StarForce is going through a rough time. Recently, when Galactic Civilizations II was released and topped the American charts, without relying on copy protection, a StarForce administrator posted a torrent link to an illegal version of the game on the company's forum, with the message: Right now several thousands are downloading the pirated version from that web-site. Is it good for the sales? Unlikely. [sic] Good game surely would have the high sales rate even if it doesn't have any copy protection, but not because of that. Good protection is the tool, which increases the rate. The offending post was soon removed, but this move raged gamers worldwide, accusing StarForce of relying on mafia-style blackmail activities to run its business.

Ubisoft's move does not imply, however, that copy protection will disappear. Other, and hopefully less intrusive systems will be used. One of the reasons leading to this sudden move is probably the $5M class action suit Christopher Spence filed against Ubisoft for using Starforce DRM in their games.
Submitted by Sciere (772091) on Apr 13, 20062 comments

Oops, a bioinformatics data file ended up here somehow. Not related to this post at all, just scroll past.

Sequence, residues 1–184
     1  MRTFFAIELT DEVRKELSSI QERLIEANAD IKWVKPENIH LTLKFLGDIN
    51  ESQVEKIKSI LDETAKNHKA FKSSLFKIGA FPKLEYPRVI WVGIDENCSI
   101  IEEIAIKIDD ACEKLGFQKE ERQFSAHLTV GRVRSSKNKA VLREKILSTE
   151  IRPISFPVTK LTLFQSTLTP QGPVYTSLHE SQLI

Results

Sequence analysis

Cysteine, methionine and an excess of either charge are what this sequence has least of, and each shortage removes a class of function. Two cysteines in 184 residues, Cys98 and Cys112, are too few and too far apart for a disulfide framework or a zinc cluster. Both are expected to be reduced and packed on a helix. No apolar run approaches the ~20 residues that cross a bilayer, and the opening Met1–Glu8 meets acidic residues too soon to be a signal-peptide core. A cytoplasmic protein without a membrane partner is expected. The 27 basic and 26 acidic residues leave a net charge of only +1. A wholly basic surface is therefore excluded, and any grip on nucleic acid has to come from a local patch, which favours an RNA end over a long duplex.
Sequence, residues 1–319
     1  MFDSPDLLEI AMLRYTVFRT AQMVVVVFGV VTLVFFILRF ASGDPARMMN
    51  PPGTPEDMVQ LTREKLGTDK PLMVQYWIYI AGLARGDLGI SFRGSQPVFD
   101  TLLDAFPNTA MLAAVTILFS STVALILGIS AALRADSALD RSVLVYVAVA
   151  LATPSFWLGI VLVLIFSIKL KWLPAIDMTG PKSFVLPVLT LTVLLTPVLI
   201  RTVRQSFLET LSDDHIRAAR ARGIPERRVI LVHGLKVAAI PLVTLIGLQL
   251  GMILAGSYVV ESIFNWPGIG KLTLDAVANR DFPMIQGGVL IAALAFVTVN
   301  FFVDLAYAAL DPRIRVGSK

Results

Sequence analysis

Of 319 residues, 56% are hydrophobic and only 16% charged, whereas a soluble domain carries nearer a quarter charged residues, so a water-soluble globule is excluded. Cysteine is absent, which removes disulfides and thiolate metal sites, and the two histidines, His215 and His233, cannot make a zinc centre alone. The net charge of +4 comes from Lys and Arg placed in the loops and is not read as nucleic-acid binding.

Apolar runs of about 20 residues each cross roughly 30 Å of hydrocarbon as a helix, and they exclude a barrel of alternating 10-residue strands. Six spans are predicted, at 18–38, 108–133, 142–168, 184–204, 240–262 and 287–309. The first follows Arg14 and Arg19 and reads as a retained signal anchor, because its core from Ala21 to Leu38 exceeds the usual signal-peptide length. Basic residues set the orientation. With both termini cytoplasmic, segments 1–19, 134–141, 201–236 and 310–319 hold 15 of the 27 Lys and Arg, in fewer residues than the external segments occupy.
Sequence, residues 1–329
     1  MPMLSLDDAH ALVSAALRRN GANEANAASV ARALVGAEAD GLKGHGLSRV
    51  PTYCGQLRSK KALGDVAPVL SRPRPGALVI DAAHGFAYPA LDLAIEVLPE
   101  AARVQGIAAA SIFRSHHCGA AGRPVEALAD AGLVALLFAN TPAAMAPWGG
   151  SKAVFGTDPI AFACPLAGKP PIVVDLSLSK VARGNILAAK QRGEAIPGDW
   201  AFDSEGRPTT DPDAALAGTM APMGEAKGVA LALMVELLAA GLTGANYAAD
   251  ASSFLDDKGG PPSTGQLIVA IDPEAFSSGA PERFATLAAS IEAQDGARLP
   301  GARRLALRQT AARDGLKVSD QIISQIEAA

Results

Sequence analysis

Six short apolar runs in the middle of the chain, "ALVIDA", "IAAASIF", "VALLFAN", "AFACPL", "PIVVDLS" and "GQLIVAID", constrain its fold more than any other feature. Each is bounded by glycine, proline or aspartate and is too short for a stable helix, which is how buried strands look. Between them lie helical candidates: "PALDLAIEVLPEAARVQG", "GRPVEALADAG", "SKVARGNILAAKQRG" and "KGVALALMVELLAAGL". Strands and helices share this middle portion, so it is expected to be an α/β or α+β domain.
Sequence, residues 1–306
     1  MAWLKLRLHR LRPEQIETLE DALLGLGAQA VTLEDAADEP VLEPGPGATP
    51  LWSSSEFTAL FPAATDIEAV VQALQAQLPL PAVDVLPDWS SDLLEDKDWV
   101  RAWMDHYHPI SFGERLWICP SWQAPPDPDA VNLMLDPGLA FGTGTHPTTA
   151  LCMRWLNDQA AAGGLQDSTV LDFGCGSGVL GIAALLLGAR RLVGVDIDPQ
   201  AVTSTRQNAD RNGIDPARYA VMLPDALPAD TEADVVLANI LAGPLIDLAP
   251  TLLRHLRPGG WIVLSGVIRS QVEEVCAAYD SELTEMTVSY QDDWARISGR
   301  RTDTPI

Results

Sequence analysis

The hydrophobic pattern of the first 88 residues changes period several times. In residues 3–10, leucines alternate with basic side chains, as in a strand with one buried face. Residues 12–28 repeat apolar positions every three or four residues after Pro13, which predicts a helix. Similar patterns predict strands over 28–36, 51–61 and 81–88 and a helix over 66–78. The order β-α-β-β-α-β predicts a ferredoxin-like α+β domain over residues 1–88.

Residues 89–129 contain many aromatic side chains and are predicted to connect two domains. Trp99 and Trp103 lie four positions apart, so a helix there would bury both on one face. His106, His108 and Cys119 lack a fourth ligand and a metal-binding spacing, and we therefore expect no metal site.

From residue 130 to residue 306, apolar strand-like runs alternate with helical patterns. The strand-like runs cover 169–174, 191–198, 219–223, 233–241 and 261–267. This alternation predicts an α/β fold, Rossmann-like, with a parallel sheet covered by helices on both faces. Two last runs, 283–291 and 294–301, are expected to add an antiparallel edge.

Today, The Game Initiative held the second annual Advertising in Games Forum in New York City. I never went to the first, but jumped at the chance to go chat it up about the state of advertising in the game industry and who was doing what about it. When I arrived though, I quickly realized that I'd grossly underestimated the power that was being wielded here. Many companies are positioning themselves with technologies that, if used properly will serve a duel purpose in enriching virtual worlds with realistic product placement AND help to provide publishers and developers with much needed additional funds to offset the ever rising costs of game development. At its best, it’s a great idea and will bear much fruit for developers and publishers and will make your realistic games more realistic. At its worst, The Elder Scrolls 5 will feature Nike, Coca-cola, and Jet Blue as its primary sponsors and will feature jets flying along side dragons, +3 shoes of Michael Jordon, and a coke machine in your favorite local dungeon.